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Can I Sue an Uninsured Driver in Maryland?
While all drivers or registered car owners in the state of Maryland are required by law to have automobile insurance, not everyone abides by that mandate. So it is unfortunately not unusual for people to be involved in accidents where the at-fault driver is uninsured. And in those situations, the question becomes whether you can sue that driver and, if so, what options do you have to ensure that you can collect a judgment should one be entered in your favor.
The short answer to the main question is yes – you can sue an uninsured driver in Maryland. However, the longer and more complicated question is how? And this question requires the involvement of an experienced Maryland personal injury attorney.
At the outset, it is important to be aware that while you would sue the at fault uninsured driver, any settlement or judgment payment would be through the Uninsured/Underinsured (UM/UIM) provision of your own insurance policy. Maryland law requires that insurance companies provide UM/UIM coverage which ensures that you are protected in exactly these situations.
The Two Classes of Uninsured Drivers
There are two main situations involving uninsured drivers which can lead to insurance claims and ultimately litigation. The first involves what the law refers to as phantom or “hit and run” drivers. Phantom drivers may actually have insurance, but because they fled the scene, for purposes of that case, they are essentially deemed to be uninsured.
The second scenario involves an identified driver, but who has no insurance. While they may receive a criminal citation for driving with no insurance, that doesn’t resolve the problem of the injured parties who are looking to receive fair compensation for their injuries.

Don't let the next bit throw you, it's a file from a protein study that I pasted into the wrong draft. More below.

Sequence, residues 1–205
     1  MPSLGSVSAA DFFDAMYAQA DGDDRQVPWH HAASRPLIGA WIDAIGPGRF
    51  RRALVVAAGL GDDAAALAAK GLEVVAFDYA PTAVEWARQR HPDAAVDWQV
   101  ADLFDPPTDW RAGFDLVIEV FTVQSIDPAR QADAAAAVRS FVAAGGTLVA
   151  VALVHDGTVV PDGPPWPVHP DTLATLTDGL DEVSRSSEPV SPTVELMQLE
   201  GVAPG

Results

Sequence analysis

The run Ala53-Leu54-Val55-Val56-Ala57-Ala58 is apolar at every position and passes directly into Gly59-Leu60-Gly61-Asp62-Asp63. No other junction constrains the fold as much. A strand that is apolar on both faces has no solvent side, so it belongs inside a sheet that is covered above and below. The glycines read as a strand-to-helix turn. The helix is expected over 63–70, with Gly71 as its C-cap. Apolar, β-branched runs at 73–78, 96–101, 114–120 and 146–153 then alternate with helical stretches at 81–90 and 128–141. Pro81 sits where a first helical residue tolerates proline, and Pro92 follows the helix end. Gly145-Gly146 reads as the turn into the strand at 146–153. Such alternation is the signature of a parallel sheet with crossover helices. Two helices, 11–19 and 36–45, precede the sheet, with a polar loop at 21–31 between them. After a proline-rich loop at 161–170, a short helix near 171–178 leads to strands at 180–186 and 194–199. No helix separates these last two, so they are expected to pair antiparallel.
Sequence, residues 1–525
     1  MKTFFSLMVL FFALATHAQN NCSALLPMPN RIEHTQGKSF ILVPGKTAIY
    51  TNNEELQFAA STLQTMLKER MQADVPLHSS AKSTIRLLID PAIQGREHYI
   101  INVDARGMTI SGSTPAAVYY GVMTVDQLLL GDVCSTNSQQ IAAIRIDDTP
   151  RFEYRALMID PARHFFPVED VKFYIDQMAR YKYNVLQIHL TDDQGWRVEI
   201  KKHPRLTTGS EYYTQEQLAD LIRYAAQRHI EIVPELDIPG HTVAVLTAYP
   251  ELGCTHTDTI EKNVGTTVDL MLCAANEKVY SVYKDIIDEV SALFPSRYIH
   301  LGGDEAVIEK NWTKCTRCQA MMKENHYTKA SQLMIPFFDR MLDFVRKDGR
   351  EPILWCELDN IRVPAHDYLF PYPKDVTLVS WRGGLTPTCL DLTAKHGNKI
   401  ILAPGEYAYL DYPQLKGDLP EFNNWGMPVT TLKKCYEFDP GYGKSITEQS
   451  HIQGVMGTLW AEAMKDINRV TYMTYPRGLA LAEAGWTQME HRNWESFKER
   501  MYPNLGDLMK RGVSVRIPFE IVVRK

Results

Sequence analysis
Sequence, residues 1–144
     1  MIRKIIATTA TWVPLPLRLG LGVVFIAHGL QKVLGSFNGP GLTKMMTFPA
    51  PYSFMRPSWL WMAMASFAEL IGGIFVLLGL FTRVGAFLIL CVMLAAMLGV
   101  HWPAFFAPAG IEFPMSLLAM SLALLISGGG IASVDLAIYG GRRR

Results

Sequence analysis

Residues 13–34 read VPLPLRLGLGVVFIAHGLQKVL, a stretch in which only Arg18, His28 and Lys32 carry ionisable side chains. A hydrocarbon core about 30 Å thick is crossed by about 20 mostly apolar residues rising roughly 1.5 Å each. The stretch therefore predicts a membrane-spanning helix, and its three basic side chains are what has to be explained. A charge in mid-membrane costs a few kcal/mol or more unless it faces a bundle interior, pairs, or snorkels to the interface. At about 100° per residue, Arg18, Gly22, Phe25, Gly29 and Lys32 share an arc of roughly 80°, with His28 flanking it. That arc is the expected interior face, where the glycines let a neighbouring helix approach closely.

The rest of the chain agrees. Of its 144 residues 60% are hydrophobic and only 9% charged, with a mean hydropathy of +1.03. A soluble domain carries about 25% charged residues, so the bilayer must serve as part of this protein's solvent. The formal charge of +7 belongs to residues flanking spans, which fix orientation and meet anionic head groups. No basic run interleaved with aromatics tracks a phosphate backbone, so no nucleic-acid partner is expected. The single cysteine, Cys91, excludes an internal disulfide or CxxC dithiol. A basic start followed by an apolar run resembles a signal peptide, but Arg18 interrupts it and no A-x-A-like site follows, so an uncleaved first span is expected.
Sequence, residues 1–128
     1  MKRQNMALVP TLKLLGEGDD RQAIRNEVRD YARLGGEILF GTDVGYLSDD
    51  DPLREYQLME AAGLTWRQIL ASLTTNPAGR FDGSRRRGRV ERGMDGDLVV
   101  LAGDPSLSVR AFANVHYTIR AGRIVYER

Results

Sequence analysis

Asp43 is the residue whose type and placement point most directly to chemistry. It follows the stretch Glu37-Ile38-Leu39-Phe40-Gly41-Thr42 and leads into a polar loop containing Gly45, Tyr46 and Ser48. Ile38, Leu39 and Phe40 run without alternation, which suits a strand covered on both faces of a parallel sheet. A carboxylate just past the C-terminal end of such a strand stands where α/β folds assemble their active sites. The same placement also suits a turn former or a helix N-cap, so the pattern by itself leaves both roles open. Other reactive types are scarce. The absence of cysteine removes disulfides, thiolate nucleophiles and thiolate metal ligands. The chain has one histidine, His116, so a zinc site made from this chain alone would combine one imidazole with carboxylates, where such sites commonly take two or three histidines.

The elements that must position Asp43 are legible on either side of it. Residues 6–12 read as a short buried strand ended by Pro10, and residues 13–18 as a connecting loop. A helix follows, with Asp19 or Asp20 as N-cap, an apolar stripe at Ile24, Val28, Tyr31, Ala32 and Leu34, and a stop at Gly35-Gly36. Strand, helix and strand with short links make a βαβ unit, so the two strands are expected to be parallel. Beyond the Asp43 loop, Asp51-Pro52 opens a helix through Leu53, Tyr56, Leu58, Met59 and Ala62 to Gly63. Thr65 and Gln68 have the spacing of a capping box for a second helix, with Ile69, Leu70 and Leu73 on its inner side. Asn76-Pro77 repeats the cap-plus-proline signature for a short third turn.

In either situation, you have the ability to file and pursue a claim under the uninsured motorist provision of your own insurance policy.
Who Do I Sue?
Any claim against the driver of the vehicle which caused the accident would be based on a negligence theory in that they breached a tort duty owed to you and other drivers. However, to the extent you have to pursue a claim against your own insurance company, that would be a breach of contract claim. Simply stated, your insurance company did not breach a tort duty; the allegation is that they owed you a contractual duty to cover damages sustained as a result of an accident caused by an uninsured driver. And by failing to do that, they have breached that contractual duty.
In fact, there are situations where you would need to sue both the driver AND your insurance company in the same action and make sure that you have the correct cause of action identified for both.
The Importance of Having a Knowledgeable Attorney
As is clear from the above, UM/UIM scenarios are complex and can be overwhelming if not handled by an experienced and knowledgeable Maryland personal injury attorney. Ensuring that you have the maximum amount of insurance available – whether through your policy or someone else’s – is essential to obtaining the best possible result in every individual case.
Author: Neil Dubovsky, founder and principal at Dubo Law, LLC
Neil Dubovsky graduated with Honors and magna cum laude from the University of Baltimore School of Law in 2002. He received the prestigious Faculty Award, which was awarded to the student who best “exhibited unusual qualities of scholarship, leadership, and service.” Neil also received an AV Preeminent rating from Martindale Hubbell – the highest rating possible. He is rated as one of the Top 100 Civil Trial Lawyers in Maryland by the National Trial Lawyers Association and selected to the 2022 Maryland Super Lawyers list. Neil is a husband and father of two beautiful girls.
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